AD | Post contains gifted items and affiliate links (marked with *) This week’s children’s book review is all about My big fantastic family by Adam and Charlotte Guillain and illustrate by Ali Pye. It was published by Nosy Crow and it can be purchased on Amazon*.
AD | Collaborative post All parents can agree that they would like their children to grow up with an appreciation for what they have, in terms of both material items, but also their relationships and experiences. With the help of a pre-prep school in Gerrards Cross, I have put together the following advice on how you can explore gratitude with your child, to help promote a thankful attitude within your family home. Talk About What Your Grateful For At the end of each day, perhaps in the car after you have picked the kids up
AD | Collaborative post Exploring our inquisitive nature is important because it allows us to be active learners, encourages us to be observant and generally opens up a world of possibilities. With this in mind, parents should try and encourage their children to be inquisitive, to help them develop intellectually and perform well in school. Of course, that’s easier said than done, so here’s some advice from a private school in London to get you started. Encourage an Open Mind Chat to your child about the fact that there is so much for them to
AD | Collaborative post The internet can provide many benefits for children; it can help them with their learning and allow them to stay connected to friends. However, it is not without risks. With that said, if your child has a smartphone or another device with access to the internet, it’s important for parents to chat to them regularly about online safety. You’re probably wondering where to start, which is why I have teamed up with an independent school in West London to share some advice. Educate Yourself Before approaching your child with the topic
AD | Collaborative post The way children respond to particular situations is usually a reflection on how they feel about themselves and the ramifications, rather than the situation itself. For instance, if they drop a plate, they might feel embarrassed and upset, and worried about how you will respond, therefore leading to an emotional outburst. Feelings are very complicated, especially for young people who don’t really understand them. I have teamed up with a prep school in West London to offer some advice on how to help your child manage these emotions going forward, so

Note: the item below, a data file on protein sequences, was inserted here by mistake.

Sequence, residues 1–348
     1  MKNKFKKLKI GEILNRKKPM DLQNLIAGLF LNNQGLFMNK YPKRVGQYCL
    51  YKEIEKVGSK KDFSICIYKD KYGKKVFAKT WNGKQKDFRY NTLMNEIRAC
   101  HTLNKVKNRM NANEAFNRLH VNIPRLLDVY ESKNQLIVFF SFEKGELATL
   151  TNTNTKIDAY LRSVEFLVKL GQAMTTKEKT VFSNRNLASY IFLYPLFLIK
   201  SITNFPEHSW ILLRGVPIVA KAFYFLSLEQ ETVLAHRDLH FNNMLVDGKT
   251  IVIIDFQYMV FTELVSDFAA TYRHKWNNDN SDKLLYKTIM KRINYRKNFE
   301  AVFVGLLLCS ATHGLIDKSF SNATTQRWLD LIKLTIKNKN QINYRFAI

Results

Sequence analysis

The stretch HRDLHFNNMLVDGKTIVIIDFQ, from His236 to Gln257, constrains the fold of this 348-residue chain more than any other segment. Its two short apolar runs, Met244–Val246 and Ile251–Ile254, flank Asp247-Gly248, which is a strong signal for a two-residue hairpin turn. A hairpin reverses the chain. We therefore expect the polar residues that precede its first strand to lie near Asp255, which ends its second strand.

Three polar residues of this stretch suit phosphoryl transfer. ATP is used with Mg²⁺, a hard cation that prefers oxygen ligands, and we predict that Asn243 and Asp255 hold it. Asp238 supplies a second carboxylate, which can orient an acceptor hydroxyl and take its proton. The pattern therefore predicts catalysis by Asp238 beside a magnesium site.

I don’t really remember when Erin started watching videos on a tablet or phone. She’s 5 now and it must have been a few years ago at least. Like a lot of parents, silly YouTube videos have helped on many occasions in restaurants, travelling and when you just need 10 minutes of peace at home. We’ve always been quite relaxed about letting Erin watch YouTube. To be honest, at the start she watched things like Blippi (over and over again), people making different coloured slimes and things like that. Nothing she watched really was inappropriate
AD | Collaborative post Kids are innocent little angels having pure and naive hearts. They grow up learning from their environment and the people around them. They don’t have a judgment of their own rather they learn the sense of right and wrong from their surroundings. They pick up things quickly and imitate the actions of those present in their surroundings. They tend to follow what others do instead of taking orders about what should be done. Childhood is a crucial phase for shaping the personality of a kid as the imprints of childhood learning
I have always been open about the fact that Erin’s birth was far from perfect. In fact, it was absolutely nowhere near perfect. After being induced, a couple of days later Erin was born via emergency c-section. Unfortunately, there was complications and I ended up with sepsis and e coli and was very seriously ill for a whole week until I had surgery again. This resulted in me suffering from birth trauma for quite a long time. Having quite a large scar from my c-section means that it’s something Erin has asked about. I remember